How to Print and Assemble Flashcards
- Print from a Chrome Browser to make sure the margins are correct, and make sure “fit to page” is not selected. You may have problems getting the correct margins if you use the Edge browser.
- Print on card stock, cut out (a nice paper cutter like this really helps), round the corners, and laminate. Cut out the small cards on the last page, tape onto small plastic baggies, and sort letters into word families.
Tips and Tricks for Using My Word Families Letters Flashcards
- Use simultaneously with my Words Families Flashcards (Set #2). Prop up the flashcards and work with your child to spell each word.
- Build the first word together doing a think aloud. For example say, “We’re going to spell the word mad,” then say the sounds, “m-a-d, so first we’re going to need the letter m that says the sound /m/, next we’ll need the letter that says the /a/ sound, so here’s a, last we’ll need the letter that says the /d/ sound so d. Put it all together and we get m-a-d, mad!”
- First you show your child how to do it, then you encourage them to do small parts on their own. “Can you find the m for me? What letter makes the /m/ sound? m-a-d what makes the /a/ sound?” Gradually release responsibility to your child so that they take on more and more of the work.
Follow These Steps to Teach Your Child How to Read:
I created these resources to help any parent (or teacher) teach their child/children to read in a fun and back to basics kind of way. If you follow these steps, your child will learn how to read easily and naturally just like my own five children did.
- Language Rich Environment: Use oral language at the child’s level (Get down on the floor and play together!) and help them memorize vocabulary words. (Tell them the names of things!)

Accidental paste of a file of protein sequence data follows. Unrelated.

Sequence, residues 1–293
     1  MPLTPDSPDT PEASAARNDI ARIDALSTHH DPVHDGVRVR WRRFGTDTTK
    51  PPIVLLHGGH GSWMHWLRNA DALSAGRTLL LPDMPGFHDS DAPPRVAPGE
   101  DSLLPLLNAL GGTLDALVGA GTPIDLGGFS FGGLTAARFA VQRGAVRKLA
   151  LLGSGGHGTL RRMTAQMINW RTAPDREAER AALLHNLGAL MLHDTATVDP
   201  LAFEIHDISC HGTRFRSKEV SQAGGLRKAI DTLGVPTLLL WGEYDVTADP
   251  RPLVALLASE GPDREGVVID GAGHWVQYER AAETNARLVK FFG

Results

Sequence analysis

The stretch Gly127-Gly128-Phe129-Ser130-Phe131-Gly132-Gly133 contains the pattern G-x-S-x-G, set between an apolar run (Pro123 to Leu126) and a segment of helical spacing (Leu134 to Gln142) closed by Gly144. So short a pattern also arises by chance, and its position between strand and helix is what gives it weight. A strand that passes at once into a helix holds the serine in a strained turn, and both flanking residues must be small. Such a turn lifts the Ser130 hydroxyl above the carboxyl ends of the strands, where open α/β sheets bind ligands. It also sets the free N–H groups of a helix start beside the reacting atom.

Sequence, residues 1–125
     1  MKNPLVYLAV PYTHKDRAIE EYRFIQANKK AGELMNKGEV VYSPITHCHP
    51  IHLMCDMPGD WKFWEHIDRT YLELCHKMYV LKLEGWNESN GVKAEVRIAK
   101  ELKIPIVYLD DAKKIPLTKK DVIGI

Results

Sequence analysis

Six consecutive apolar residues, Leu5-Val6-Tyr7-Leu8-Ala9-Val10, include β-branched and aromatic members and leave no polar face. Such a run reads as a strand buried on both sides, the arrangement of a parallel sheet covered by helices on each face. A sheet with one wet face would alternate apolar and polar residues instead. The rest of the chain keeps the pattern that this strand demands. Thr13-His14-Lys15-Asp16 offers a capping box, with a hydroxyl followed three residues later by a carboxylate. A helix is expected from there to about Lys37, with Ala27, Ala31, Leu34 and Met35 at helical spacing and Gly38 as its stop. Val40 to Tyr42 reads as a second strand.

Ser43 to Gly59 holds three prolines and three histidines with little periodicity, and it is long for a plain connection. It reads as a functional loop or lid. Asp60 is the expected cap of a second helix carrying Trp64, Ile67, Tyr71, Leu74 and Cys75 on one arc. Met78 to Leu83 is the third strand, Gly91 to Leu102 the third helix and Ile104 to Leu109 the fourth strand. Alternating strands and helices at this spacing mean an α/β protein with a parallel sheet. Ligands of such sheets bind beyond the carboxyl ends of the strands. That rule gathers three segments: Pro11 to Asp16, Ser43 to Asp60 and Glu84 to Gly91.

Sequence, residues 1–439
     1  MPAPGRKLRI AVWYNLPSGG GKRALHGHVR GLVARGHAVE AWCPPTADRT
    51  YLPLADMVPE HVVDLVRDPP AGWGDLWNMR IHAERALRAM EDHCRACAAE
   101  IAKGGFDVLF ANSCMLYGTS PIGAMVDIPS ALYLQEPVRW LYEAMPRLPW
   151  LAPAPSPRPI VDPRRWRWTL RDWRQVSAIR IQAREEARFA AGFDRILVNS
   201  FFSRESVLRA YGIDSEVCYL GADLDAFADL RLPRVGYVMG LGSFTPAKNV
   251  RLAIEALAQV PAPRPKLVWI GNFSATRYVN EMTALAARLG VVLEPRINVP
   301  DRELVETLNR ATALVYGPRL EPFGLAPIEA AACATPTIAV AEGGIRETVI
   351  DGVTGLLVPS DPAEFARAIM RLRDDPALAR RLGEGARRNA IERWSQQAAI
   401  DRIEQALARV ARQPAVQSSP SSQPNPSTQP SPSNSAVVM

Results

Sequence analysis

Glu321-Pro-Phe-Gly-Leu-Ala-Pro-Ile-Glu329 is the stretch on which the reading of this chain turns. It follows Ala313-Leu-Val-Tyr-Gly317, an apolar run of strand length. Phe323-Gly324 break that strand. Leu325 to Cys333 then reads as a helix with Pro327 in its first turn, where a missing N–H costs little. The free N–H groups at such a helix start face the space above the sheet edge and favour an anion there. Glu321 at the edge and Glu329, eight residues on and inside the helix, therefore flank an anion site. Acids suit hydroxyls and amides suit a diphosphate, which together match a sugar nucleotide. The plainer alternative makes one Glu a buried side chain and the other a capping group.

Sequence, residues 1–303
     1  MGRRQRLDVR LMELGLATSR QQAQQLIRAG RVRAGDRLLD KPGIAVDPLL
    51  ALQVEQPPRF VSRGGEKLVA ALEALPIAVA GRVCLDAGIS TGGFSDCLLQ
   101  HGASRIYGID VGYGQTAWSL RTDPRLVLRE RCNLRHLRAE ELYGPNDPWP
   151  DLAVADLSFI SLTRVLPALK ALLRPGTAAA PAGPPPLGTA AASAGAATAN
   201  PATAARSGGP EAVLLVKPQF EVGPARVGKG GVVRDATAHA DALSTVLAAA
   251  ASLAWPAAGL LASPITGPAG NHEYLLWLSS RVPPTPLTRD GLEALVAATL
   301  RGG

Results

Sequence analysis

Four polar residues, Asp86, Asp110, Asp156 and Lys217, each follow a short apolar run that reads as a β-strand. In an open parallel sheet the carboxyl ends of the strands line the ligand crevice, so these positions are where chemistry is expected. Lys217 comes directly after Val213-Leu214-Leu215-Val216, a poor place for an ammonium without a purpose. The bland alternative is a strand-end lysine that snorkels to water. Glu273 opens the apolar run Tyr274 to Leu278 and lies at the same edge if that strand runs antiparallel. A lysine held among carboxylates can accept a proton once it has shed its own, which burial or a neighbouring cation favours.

- Phonemic Awareness: Teach one sound for each letter of the alphabet. (Start with short vowels.)
- Phonics: Tap out sounds in three letter words to teach how sounds come together to make words.
- More Complex Phonemic Awareness: Introduce long vowels, digraphs, and other vowel sounds.
- Reading Comprehension Strategies: Use quality literature to interact with books and ask questions before, during, and after reading to make sure your child is understanding what is being read.
Start young! It’s better to do a little bit over a long period of time rather than try to cram it all in the month before preschool or kindergarten starts. Read more about how to teach your child to read in my blog: Teach Your Child to Read in 5 Simple Steps.
For More Information
You’ll find everything you need to teach your child to read on my FREE READING RESOURCES page which includes flashcards, videos, plus more tips and tricks. If you’d like a more in depth guide to teach your child how to read, check out my blog series.
Teach Your Child to Read Blog Series (Digging Deeper)
- #1-Oral Language Development Lays the Foundation for Learning to Read
- #2-How Engage Your Baby or Young Child with Reading
- #3-Learning How to Read Begins with the ABCs
- #4-Memorizing Words Before Sounding Them Out Leads to Reading
- #5-Building Vocabulary with Numbers, Colors, and Shapes
- #6-Teaching Phonics with Three Letter Word Families
- #7-Unlock the Final Stages of Reading with Advanced Phonemic Awareness
- #8-Reading Comprehension Strategies Lead to Independent Readers
- #9-Reinforcing Reading with Writing